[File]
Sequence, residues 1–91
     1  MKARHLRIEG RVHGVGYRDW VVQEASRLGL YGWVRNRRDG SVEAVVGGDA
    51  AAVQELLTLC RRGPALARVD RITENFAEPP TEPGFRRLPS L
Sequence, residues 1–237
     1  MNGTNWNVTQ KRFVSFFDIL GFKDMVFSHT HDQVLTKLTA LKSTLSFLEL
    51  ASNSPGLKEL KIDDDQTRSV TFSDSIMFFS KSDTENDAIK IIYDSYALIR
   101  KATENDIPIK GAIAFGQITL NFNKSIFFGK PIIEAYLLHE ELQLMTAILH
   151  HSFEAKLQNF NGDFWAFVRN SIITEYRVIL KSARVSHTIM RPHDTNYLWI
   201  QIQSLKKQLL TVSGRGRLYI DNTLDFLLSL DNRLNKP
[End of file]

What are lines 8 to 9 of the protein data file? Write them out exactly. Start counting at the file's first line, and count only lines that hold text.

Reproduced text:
   151  HSFEAKLQNF NGDFWAFVRN SIITEYRVIL KSARVSHTIM RPHDTNYLWI
   201  QIQSLKKQLL TVSGRGRLYI DNTLDFLLSL DNRLNKP